Meanwhile, this was also a good Robert Rogers episode.   He's clearly the best that the British have against the Americans, because he's more than willing to break the rules in pursuit of American revolutionary quarry.   But when he fires into a prisoner exchange, that's going too far for the Red Coats, who now want him dead almost as much as do the Americans.   Britannia is all about the rule of law, hence the Brit opposition to American independence, as well a wily trapper like Rogers who puts victory above the law.

In that sense, Rogers is a very modern combatant, and one could even make a connection between his way of conducting war and the drone strikes of today.  Rogers' team is also worthy of note - a Native American and an African American.  It's historically accurate that some of both groups tended to fight on the side of the British, which at first seems to clash with our American sense of history, and how we have always been a country that values freedom above all else.   So why, then, did anyone from two oppressed groups fight on the side of the Brits?   The answer is that neither group was free in Revolutionary America.   The "all men are created equal" in our Declaration of Independence not only applied literally to men - not women - but also excluded slaves, Native Americans, and, for that matter, any white man who was poor (not a land holder or a very wealthy merchant).  Small wonder, then, that both groups tended to be more kindly disposed to the Crown than our Continental Congress.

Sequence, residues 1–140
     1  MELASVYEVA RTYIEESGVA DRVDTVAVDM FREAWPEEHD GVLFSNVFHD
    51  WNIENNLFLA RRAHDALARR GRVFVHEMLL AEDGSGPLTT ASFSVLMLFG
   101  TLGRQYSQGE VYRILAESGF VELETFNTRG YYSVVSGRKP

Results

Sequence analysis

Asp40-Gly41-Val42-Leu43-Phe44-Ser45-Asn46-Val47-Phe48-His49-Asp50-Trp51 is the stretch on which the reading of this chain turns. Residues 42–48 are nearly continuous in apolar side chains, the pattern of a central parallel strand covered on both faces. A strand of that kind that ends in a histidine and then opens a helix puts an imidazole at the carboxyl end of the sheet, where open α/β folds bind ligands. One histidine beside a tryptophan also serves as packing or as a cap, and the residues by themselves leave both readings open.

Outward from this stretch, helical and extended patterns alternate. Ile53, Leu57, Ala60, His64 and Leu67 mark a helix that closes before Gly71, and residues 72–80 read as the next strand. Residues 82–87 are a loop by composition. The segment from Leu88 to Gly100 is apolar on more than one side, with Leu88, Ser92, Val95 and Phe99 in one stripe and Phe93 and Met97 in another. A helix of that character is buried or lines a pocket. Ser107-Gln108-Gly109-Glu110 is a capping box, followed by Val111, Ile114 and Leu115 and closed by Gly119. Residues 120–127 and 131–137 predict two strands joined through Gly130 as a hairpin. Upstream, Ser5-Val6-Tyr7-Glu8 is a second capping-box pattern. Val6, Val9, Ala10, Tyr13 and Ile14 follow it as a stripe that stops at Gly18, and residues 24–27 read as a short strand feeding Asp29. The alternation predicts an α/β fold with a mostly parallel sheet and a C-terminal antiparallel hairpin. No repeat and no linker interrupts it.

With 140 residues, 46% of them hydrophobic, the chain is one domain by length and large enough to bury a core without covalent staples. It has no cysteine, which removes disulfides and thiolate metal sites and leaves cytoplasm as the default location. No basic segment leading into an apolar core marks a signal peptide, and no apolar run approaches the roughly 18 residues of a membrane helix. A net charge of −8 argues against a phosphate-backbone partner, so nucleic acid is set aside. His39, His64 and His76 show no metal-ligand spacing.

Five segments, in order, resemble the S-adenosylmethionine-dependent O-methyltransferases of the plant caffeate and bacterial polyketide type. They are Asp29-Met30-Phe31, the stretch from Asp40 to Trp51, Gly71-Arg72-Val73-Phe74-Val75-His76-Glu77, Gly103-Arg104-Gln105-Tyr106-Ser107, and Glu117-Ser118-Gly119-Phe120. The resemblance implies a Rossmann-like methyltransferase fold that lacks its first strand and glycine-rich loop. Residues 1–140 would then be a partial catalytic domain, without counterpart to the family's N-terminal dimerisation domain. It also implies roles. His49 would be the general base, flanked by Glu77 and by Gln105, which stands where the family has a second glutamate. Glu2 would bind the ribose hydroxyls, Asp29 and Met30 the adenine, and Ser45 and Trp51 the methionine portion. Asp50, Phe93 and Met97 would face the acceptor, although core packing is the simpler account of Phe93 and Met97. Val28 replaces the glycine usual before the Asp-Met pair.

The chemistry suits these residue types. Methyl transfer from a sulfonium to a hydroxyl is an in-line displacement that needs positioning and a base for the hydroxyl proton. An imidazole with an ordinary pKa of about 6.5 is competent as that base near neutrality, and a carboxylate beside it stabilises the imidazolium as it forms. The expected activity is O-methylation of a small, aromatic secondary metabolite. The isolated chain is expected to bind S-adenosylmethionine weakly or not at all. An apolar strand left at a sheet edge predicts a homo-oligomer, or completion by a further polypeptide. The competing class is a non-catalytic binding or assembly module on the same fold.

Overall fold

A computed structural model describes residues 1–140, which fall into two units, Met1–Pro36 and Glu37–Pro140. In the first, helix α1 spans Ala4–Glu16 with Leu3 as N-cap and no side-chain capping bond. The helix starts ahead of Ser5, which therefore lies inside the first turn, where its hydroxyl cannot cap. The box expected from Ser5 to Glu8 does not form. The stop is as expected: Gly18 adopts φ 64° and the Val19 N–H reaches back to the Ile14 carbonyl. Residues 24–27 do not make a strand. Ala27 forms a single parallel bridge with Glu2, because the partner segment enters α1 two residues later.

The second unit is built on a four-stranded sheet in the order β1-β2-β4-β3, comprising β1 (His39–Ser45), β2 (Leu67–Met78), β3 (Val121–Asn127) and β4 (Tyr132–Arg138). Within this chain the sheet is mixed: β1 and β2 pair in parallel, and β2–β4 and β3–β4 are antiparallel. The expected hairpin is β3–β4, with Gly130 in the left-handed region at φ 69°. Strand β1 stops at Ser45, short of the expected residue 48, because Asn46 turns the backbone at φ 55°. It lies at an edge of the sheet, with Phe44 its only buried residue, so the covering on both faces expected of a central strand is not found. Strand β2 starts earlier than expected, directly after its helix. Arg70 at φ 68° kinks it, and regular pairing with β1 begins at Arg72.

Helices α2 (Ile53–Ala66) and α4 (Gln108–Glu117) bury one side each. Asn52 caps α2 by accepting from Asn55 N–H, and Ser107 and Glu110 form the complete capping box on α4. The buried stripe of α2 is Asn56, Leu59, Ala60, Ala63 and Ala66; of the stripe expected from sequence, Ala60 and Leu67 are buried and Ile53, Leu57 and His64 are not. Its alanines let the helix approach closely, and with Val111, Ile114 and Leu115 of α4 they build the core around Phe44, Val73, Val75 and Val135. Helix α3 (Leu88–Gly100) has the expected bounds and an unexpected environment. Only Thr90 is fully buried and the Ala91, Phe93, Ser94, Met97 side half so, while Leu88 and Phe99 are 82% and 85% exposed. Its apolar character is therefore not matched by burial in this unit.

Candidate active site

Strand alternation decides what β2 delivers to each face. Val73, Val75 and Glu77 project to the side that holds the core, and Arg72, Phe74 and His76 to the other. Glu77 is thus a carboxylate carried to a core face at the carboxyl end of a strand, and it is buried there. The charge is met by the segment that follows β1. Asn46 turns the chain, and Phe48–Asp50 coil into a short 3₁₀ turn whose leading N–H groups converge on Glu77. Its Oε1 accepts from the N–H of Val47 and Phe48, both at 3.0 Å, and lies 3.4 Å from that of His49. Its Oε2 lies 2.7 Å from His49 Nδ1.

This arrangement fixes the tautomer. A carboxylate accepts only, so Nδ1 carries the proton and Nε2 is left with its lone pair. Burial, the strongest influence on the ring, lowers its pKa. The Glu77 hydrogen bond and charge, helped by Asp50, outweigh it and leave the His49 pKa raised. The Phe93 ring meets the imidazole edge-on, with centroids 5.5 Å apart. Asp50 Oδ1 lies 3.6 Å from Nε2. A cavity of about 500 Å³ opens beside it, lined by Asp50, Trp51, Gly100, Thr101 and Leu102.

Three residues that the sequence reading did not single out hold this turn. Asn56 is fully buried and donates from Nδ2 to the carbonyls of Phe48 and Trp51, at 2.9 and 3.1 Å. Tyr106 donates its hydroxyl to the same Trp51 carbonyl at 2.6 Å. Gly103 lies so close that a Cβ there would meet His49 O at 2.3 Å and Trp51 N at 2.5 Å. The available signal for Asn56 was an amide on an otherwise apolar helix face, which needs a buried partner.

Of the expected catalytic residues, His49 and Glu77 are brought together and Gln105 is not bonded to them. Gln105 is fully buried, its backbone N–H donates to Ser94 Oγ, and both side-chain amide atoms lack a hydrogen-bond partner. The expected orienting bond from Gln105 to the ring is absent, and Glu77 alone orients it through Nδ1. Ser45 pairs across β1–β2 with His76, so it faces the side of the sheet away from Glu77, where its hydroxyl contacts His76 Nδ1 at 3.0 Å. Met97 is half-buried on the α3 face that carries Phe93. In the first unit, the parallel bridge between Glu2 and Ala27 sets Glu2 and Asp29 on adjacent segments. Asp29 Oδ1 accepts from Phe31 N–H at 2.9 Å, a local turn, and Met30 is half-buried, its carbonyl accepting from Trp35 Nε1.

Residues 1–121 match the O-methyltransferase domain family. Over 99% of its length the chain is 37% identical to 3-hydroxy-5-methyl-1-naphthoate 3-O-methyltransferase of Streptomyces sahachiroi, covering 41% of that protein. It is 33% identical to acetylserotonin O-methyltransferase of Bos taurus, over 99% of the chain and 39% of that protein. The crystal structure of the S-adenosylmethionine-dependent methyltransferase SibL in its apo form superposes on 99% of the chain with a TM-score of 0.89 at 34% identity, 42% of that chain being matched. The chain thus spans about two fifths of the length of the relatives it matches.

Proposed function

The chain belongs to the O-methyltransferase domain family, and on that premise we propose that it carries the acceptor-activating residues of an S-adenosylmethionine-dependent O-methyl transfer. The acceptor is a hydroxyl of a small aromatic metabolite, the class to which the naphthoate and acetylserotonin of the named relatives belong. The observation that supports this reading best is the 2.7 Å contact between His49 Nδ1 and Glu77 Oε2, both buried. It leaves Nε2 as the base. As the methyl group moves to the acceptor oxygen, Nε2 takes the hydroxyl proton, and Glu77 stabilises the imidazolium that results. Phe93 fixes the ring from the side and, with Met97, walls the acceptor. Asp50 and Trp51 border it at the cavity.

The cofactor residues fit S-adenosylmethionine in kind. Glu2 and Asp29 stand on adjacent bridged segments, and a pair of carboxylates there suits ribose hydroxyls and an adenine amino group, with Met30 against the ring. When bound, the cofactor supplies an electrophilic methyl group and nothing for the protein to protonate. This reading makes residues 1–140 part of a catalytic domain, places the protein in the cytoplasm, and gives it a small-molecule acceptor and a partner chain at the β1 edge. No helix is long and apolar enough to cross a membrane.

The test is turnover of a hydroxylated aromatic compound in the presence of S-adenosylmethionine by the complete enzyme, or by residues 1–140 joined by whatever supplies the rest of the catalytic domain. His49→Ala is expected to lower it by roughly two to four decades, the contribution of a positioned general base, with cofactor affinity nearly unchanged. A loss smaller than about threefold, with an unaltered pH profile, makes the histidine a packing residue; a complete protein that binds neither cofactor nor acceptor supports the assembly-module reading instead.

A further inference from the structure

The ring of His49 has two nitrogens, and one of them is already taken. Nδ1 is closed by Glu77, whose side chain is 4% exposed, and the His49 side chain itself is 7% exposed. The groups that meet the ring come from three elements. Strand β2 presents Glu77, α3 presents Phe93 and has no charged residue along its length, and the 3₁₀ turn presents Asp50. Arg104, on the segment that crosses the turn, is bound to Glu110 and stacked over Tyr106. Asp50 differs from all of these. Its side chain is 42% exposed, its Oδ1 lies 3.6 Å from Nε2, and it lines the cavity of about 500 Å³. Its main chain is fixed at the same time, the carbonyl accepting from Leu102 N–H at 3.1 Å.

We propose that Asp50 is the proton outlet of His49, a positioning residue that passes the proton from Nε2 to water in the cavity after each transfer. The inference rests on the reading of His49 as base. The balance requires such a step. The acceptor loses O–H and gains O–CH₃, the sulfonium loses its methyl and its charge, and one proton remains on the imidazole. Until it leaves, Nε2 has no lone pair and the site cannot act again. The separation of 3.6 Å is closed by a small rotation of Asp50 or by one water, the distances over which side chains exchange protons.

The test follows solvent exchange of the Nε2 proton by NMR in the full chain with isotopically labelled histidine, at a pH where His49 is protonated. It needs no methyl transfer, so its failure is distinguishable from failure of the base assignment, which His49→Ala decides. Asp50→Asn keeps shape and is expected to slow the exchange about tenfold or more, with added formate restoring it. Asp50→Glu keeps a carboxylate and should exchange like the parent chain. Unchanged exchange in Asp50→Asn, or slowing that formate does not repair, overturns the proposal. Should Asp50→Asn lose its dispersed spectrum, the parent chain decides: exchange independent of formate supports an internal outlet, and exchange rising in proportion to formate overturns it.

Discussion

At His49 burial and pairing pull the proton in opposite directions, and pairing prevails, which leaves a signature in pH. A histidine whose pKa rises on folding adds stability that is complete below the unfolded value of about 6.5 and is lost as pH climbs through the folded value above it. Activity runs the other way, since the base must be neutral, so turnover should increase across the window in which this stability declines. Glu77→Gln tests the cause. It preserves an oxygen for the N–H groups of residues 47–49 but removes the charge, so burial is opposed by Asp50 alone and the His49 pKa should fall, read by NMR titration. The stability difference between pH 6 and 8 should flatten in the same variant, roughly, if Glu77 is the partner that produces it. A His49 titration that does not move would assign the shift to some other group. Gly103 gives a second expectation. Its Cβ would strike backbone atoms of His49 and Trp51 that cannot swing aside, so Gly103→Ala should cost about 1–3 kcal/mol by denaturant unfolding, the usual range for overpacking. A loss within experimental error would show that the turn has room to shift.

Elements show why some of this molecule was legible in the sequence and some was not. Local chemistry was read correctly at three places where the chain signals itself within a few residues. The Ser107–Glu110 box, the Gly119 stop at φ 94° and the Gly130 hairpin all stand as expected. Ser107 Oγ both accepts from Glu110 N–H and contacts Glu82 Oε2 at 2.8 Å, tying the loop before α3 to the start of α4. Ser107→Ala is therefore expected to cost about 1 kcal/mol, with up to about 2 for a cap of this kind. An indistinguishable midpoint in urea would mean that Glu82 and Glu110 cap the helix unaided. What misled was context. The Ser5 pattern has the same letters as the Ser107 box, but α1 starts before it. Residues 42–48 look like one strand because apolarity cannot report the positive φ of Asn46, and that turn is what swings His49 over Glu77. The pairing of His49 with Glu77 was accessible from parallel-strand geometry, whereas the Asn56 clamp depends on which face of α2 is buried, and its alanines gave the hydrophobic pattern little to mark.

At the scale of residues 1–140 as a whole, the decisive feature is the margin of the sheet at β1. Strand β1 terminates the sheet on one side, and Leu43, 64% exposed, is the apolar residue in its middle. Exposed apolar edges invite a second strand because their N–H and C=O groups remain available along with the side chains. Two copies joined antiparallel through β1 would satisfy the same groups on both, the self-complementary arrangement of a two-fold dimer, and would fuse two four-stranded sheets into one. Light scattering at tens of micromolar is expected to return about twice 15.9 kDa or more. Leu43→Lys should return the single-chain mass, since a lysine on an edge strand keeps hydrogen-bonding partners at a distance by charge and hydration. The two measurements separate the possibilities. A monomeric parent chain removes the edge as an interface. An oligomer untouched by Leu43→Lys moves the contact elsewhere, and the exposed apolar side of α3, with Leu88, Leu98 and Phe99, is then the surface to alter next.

As Turn has already explored, Britain was well on the way to abolishing slavery by the time of the American Revolution.   Not that the Brits were above using African Americans for their own lofty ends, but there's no doubt that Britain was well ahead of American in ending slavery, and indeed did so throughout most of the Empire in 1833, or 30 years before our own Emancipation Proclamation.

Turn can be a little slow moving at times, but episode 1.8 was just fine, and the series continues as one of the most historically intelligent on television.

See also: Turn Premiere: Good Historical Drama in Revolutionary New York ... Turn 1.5: Shot in the Arm

a little earlier history in ... The Plot to Save Socrates

Monday, May 26, 2014

24 Season 9.5: Jack and Audrey

The 9th season of 24 is now operating at peak performance, which means it's as heart pounding, complex, and peopled with compelling and multifaceted characters as it ever was, at its best.  Among the best scenes and developments tonight in 9.5: